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CPBJ Extra Blog

Snapchat at a financial crossroads

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In the fall, when Snapchat CEO Evan Spiegel reportedly turned down Mark Zuckerberg's $3 billion all-cash offer the buy the company, I was convinced it was either the smartest or the dumbest financial move of the year.

Either way, it was absolutely the most daring.

A few months later, it’s looking like it will settle somewhere near “dumbest” while still harboring hope of becoming “smartest.”

That’s because the people behind the popular Snapchat mobile application, a photo-sharing app where posted photos automatically disappear instead of staying forever on the Internet, are now dealing with the latest major security breach in the technology and financial world.

It’s a potentially huge blow to the company that prides itself on user privacy. It’s also a breach that can sap the value out of the company in a heartbeat, making that $3 billion offer — which some analysts said was too high in the first place — look like the dangling carrot Spiegel never bothered to grab.

Spiegel took some public head-shaking for not taking the $3 billion, but in a recent, engrossing interview with Forbes, he said he’s got a plan. That kind of reminds me of “Hoosiers,” when Coach Norman Dale is getting severely jeered by his fans for leaving only four players on the basketball court at one time. His only response to the fans? Waving his playbook in the air at them. “Don’t worry, I got this. It’s all part of the plan.”

And to hear Spiegel’s account of how he was treated by Zuckerberg and Facebook when the two sides first met, it’s tough to blame him for blowing off Zuckerberg and drawing a battle line that could play out for the next decade.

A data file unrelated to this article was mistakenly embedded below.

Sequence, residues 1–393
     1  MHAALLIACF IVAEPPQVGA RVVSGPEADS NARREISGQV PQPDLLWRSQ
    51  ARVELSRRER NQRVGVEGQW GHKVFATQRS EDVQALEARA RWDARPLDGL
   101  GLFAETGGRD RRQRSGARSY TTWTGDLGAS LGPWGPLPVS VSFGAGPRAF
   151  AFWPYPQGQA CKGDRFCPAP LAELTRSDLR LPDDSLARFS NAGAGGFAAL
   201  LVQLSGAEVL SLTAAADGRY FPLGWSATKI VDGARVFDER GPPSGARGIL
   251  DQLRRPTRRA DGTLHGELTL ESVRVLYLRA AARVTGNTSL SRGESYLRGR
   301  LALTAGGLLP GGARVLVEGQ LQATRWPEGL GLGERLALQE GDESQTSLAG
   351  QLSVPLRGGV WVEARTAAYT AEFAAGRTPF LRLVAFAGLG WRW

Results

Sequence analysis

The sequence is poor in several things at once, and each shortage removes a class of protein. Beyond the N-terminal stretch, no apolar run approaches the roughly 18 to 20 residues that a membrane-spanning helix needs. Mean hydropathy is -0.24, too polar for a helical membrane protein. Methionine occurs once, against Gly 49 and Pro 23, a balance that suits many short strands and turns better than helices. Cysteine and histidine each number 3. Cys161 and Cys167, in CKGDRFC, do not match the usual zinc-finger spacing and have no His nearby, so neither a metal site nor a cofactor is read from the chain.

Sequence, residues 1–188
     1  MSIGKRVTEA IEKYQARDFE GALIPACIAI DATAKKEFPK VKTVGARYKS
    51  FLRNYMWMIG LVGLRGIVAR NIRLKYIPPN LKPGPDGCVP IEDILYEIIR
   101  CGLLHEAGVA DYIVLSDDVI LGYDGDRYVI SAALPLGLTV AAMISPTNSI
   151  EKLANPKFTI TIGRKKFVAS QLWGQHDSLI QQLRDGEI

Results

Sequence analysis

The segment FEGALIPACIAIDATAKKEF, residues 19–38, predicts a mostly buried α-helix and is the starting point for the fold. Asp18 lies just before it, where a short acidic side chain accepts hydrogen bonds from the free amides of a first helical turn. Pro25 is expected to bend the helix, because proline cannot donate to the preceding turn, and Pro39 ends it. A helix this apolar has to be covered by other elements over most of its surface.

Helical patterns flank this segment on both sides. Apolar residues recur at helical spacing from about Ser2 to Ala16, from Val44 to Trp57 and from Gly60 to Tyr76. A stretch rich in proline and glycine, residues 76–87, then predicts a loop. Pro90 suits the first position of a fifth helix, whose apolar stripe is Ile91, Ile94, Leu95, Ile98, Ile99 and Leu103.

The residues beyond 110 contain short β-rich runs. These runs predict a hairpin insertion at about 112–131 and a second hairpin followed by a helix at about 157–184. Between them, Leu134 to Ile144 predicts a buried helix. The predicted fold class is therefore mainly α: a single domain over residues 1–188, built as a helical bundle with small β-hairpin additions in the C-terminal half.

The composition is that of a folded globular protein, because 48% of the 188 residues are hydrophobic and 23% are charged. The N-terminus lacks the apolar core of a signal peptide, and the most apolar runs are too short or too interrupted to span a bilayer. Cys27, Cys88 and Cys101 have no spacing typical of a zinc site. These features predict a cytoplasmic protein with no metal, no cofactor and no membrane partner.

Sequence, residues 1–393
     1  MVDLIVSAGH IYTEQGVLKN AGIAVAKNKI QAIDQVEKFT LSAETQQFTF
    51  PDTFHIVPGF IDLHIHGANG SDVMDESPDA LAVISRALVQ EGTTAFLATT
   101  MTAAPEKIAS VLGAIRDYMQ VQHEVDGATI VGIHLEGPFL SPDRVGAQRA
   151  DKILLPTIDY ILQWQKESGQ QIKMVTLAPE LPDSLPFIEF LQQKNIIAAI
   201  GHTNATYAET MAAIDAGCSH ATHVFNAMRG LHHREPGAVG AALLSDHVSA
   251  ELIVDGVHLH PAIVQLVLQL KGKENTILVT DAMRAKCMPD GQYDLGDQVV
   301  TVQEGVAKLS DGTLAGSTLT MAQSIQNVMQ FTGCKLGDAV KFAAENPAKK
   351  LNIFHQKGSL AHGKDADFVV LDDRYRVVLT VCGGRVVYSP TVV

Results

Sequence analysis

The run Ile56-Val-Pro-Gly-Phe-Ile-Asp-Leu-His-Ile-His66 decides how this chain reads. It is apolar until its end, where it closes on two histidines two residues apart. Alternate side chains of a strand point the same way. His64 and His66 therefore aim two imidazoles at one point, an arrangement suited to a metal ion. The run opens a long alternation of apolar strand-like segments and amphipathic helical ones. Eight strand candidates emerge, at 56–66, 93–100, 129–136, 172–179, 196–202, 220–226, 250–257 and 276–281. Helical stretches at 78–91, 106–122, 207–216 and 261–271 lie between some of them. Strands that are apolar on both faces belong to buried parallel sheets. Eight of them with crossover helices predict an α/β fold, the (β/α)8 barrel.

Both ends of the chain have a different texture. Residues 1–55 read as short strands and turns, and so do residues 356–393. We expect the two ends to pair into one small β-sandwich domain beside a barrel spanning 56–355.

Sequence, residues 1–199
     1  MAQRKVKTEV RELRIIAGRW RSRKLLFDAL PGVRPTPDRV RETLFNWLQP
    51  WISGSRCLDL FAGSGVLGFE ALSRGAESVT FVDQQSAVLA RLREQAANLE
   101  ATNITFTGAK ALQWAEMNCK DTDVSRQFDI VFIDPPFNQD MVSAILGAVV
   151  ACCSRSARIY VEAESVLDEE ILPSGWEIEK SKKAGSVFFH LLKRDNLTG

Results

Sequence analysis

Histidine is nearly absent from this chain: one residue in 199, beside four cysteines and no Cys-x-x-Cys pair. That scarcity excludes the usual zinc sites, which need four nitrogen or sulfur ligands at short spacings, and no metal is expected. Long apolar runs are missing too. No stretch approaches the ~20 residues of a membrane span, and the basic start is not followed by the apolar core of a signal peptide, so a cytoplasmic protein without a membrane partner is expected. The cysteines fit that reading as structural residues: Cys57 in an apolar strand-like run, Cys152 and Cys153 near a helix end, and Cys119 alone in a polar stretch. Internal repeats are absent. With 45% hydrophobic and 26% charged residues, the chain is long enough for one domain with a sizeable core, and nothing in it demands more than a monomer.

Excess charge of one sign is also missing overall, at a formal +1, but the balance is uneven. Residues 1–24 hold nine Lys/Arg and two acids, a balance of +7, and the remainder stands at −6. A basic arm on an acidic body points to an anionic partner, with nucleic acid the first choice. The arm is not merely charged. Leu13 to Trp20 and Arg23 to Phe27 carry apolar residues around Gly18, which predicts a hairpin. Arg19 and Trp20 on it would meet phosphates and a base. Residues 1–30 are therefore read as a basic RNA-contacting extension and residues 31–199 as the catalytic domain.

But suffice it to say, the people at Myspace are breathing a little easier these days, since they may be removed from the “Make sure you’re not Myspace” punchline as a social media company that went south, fast. If Snapchat can’t weather the storm of this security breach, then it’s not even close — Snapchat eclipses Myspace as the preeminent social media joke.

Snapchat has no sustainable revenue stream; it’s still surviving on (generous) private investments. It hasn’t announced any plans to go public, like Facebook did in 2012 and Twitter did in 2013. It’s in that murky field where everyone knows the company is worth a ton of money — but no one is really making any. It either needs to be bought out, go public or start advertising for there to be any kind of definitive company valuation. None of those three looks to be in Snapchat’s future, so when someone comes calling with $3 billion and you don’t take it, it’s the epitome of risky.

Zuckerberg made his personal valuation of Snapchat at $3 billion, and Snapchat obviously thinks it’s worth more in the long run. That was before the security hack and the bad publicity that went along with it, so I seriously doubt Zuckerberg would make that same offer today.

Now it’s up to Snapchat to go from the worst financial decision ever to the best.

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